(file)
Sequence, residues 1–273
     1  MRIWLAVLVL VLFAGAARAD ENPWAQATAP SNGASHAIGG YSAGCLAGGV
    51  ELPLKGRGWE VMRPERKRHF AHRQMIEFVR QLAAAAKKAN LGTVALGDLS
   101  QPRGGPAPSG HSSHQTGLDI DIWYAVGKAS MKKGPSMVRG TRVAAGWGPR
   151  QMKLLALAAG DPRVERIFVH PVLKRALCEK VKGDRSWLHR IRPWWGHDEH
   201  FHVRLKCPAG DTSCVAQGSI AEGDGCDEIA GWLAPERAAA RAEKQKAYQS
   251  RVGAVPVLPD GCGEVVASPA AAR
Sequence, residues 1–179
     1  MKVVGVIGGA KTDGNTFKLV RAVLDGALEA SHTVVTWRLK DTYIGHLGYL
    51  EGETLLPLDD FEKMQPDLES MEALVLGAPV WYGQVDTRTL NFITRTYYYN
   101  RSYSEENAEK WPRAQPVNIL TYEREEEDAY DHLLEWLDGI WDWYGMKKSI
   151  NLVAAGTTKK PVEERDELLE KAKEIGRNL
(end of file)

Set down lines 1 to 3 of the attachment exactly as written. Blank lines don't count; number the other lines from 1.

Sequence, residues 1–273
     1  MRIWLAVLVL VLFAGAARAD ENPWAQATAP SNGASHAIGG YSAGCLAGGV
    51  ELPLKGRGWE VMRPERKRHF AHRQMIEFVR QLAAAAKKAN LGTVALGDLS